Abraham Ibn Ezra is quoted in his writings as saying that the Rabbis of the Talmud were well-versed in Peshat, having built their Midrashic exegeses on it: "They [the talmudic rabbis] knew peshat better than all the generations that came after them." In contrast, Rashbam, felt that the early rabbis were not knowledgeable in Peshat, and instead used other strategies. Consequently, these rabbis were led to opposing conclusions of the rabbis' halachic exegesis: Rashbam understood this as a separate type of exegesis from Peshat, while Ibn Ezra felt that the only proper exegesis would lead to his own conclusions, and therefore disregarded the midrashim of the Talmudic Rabbis as exegesis altogether. Regardless of these differences in opinion in reference to the Rabbis of the Talmud, both Ibn Ezra and Rashbam favored and promoted Peshat as a superior alternative to Midrashic methods.
One of Rashbam's students, Rabbi Eliezer of Beaugency, is noted as completely removing Drash from his exegetical strategies, relying solely on Peshat. In comparison to Rashbam's tendency to explain how his views would contrast with those of Talmudic Rabbis, Rabbi Eliezer is not compelled to do so, feeling that Peshat is the only proper way to look at text. As Peshat's methods rely often on the importance of context, Rabbi Eliezer's commentaries are known for their tendency to focus on the context of a given verse or text. His commentaries are integrated with text, rather than sitting separate from them, and he insists on ensuring that no verse loses its context during his discussions, in comparison to other methods, such as the "verse-by-verse approach of Rashi"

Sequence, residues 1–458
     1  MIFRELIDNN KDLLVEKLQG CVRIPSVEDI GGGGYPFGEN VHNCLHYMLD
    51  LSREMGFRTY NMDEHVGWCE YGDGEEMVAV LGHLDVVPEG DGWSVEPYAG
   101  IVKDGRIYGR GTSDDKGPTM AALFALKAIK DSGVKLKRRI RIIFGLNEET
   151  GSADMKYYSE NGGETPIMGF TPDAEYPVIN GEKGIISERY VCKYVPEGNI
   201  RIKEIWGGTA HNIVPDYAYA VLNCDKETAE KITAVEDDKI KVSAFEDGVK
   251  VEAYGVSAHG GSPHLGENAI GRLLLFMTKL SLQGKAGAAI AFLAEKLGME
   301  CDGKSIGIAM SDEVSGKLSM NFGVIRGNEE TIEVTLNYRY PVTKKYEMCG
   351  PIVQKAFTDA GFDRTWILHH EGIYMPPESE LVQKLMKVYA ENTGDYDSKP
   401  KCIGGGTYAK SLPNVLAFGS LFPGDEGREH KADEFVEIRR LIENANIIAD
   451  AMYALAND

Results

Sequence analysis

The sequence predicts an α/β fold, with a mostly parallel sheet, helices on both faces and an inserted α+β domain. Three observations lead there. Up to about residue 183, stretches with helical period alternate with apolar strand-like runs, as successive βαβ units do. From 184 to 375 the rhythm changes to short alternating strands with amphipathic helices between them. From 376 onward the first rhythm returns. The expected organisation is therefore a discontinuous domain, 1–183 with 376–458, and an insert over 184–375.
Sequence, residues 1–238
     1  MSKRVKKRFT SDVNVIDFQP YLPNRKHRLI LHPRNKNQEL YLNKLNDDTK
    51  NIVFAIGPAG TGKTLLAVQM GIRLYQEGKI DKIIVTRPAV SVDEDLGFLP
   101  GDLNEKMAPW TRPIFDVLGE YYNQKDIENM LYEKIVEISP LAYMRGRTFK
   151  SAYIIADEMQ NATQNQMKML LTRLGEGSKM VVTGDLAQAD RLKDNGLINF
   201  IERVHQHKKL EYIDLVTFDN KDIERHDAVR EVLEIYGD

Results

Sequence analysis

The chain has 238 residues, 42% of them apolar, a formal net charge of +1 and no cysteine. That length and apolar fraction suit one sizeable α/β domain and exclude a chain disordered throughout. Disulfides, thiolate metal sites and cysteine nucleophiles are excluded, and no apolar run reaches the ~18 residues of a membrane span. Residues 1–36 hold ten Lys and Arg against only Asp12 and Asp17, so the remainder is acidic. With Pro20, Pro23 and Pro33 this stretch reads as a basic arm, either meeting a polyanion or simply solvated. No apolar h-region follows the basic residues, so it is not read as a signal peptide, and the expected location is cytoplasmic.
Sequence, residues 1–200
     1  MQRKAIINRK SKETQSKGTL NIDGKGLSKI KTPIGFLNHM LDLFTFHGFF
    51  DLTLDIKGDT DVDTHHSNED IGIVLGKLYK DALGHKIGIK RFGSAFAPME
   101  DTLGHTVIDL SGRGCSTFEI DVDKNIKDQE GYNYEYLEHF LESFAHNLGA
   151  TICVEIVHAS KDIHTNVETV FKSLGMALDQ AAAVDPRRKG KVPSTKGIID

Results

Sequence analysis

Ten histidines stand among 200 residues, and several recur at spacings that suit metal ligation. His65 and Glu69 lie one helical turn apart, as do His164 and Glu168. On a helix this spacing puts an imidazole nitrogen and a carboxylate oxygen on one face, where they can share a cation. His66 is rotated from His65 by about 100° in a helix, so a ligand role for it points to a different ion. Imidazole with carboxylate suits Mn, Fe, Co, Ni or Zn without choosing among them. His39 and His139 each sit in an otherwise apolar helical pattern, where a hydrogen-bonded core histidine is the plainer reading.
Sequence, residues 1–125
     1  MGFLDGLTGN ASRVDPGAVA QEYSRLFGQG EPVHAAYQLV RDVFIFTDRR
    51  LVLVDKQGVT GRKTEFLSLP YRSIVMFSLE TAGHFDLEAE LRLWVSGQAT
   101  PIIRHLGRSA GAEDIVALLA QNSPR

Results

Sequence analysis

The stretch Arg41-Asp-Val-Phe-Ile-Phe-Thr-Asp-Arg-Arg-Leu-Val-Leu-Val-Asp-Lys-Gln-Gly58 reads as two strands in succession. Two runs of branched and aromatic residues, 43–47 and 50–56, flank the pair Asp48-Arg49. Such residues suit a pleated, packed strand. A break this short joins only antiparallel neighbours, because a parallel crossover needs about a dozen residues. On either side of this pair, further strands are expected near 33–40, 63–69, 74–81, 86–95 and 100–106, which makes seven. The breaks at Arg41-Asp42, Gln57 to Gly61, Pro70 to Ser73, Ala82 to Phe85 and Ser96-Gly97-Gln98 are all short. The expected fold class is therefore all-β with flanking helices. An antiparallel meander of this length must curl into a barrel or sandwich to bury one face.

David Kimhi (Radak) was also known for his ability in Peshat, and was influenced both by Ibn Ezra and Rashi. While Kimhi preferred Peshat methods over Derash, the influence of Rashi can be seen in some of his commentaries, in the inclusion of midrashic citations. Additionally, Kimhi lived among many famed proponents of Derash, such as Rabbi Moses the Preacher, who "undoubtedly had a substantial impact on Radak." Kimhi tended to go out of his way to reject the views of the Rabbis of the Talmud often, which has led to the theory that, although disagreeing with them, Kimhi fully acknowledged the tradition and authority of the Talmud Rabbis. In his commentaries, Kimhi labels his interpretation as Peshat, and that of the Talmudic Rabbis as Derash, creating a strict divide between the two in his writings.
A student of Saadiah Gaon is recorded as saying: "This is the sign by which you should know which comments well and which comments badly: Any commentator who first comments with peshuto shel mikra in concise language, and afterwards brings some of our rabbis' midrash, this is a good commentary, and the reverse is [a] crude [commentary].
Below are several examples of Peshat's usage in the Talmud: